"Some studies say that obese people are more tolerant of pain, while other studies say they are less tolerant," Emery said.
About a third of the study's 62 participants were obese. Researchers determined who was obese based on participants' body mass index (BMI) scores, which relates height to weight. Obese patients in this study had a BMI greater than 30 but less than 35. (Scores higher than 35 are considered morbidly obese.)
The participants underwent two rounds of electrical stimulation ?once before, and once after a 45-minute training session where they learned different ways of coping with pain, including instruction in progressive muscle relaxation therapy.
The electrical stimulation came from an iPod-sized device that delivered a slight electrical shock to a patient's sural nerve, a nerve that extends along the ankle and into the calf. This kind of electrical stimulation causes sensations of tingling and mild pain in the lower leg.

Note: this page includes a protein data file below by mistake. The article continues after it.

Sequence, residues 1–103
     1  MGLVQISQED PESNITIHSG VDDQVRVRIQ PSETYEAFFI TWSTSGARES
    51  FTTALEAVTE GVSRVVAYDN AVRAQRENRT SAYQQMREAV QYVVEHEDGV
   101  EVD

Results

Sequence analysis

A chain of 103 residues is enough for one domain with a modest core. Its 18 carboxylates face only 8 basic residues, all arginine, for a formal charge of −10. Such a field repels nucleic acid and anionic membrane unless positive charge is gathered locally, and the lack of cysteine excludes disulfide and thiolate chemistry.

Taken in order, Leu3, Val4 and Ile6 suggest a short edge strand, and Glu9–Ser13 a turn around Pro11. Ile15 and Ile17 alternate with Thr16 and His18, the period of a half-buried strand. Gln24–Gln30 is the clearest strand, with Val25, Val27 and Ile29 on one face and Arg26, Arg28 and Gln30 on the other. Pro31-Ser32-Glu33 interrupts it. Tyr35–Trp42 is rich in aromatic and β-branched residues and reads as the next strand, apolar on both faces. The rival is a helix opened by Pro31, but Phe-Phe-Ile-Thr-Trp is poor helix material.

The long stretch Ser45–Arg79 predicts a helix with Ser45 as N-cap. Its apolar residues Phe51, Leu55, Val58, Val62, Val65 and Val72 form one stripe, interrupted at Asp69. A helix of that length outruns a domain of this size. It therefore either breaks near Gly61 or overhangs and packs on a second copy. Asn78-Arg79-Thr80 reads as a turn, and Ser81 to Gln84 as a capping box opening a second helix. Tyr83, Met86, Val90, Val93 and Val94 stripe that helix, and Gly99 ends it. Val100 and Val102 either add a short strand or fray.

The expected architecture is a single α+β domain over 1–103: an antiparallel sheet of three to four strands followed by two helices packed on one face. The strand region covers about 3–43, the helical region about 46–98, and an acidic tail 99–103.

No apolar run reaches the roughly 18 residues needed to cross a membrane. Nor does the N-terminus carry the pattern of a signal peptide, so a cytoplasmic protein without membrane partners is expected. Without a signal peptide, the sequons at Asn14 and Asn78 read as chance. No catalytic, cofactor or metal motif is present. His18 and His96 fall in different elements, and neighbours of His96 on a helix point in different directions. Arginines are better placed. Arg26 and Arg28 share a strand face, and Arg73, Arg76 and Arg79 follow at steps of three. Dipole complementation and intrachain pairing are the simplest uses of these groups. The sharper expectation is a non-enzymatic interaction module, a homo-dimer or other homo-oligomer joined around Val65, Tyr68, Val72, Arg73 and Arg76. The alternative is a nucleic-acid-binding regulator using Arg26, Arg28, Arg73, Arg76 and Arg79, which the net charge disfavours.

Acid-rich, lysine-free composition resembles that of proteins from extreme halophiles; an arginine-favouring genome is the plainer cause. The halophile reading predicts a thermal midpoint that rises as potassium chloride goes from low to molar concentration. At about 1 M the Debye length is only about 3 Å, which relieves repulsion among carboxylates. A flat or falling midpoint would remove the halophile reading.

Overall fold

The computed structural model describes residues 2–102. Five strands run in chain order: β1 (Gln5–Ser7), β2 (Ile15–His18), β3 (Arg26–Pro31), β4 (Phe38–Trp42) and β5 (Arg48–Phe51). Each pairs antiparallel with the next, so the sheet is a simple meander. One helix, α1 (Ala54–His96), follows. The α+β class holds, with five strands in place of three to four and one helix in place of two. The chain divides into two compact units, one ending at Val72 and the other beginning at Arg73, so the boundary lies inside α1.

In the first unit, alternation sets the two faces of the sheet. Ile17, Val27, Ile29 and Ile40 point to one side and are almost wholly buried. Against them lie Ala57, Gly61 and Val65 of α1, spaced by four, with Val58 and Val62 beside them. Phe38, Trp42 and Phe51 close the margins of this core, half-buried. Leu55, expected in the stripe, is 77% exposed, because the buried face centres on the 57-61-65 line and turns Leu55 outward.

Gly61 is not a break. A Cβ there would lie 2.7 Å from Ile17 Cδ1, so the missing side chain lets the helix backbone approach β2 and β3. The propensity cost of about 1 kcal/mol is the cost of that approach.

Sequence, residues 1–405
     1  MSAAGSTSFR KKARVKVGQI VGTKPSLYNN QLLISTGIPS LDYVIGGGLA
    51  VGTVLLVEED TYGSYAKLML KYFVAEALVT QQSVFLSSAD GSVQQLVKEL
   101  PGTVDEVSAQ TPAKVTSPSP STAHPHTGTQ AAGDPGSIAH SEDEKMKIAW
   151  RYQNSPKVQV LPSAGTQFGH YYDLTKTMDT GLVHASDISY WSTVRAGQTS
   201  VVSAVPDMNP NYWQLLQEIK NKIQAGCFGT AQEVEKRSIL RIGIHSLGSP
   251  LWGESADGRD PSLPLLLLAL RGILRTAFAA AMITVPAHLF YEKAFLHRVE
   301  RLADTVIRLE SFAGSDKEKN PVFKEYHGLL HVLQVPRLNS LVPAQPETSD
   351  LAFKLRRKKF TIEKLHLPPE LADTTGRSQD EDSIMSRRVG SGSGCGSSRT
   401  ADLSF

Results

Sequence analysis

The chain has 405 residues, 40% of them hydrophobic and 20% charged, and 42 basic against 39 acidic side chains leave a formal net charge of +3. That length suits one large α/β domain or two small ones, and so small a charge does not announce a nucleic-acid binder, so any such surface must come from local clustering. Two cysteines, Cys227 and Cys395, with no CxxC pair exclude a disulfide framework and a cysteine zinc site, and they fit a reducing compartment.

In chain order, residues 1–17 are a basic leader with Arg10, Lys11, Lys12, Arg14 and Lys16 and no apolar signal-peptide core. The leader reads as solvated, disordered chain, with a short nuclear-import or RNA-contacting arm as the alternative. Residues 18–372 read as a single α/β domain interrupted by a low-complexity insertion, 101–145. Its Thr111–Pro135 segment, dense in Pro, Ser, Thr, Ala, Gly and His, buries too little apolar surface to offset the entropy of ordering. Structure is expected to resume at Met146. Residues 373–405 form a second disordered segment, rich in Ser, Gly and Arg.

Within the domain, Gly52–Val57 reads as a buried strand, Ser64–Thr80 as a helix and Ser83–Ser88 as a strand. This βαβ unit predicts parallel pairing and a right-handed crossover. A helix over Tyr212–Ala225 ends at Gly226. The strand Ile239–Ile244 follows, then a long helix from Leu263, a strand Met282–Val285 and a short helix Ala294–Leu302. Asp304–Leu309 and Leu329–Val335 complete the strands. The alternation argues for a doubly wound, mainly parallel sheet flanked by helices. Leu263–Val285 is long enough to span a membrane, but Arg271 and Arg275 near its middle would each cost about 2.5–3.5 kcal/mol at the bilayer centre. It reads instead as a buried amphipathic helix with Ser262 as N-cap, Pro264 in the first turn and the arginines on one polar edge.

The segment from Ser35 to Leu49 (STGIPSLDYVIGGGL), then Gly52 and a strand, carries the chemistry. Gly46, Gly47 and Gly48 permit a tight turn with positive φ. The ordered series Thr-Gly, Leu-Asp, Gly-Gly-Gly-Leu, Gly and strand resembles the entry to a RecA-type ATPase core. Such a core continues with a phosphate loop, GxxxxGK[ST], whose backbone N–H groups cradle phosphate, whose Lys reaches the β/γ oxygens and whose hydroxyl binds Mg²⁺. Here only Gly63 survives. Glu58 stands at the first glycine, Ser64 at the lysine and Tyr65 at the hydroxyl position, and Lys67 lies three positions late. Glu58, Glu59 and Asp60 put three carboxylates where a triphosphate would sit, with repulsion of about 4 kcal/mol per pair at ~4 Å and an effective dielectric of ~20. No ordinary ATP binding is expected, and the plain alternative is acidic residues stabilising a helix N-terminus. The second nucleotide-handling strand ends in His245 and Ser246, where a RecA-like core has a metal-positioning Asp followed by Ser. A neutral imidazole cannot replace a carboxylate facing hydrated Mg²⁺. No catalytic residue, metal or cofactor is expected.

The researchers determined the body's response to sural nerve stimulation by measuring the reflex of the lower leg muscles that surround the sural nerve. When the brain senses pain, it sends a message to the body to contract and move the muscles in order to get away from the source of the pain.
"This kind of evaluation is in some ways a more objective way of measuring the body's response to pain, as opposed to simply asking someone if they feel pain," Emery said.
But the researchers did ask participants how much pain they felt. Participants completed questionnaires about anxiety and pain perception after each round of electrical stimulations. All participants, obese or not, reported that they felt less pain after the relaxation session than they did before.
Yet results of the sural nerve stimulus test showed that the obes
Source:Ohio State University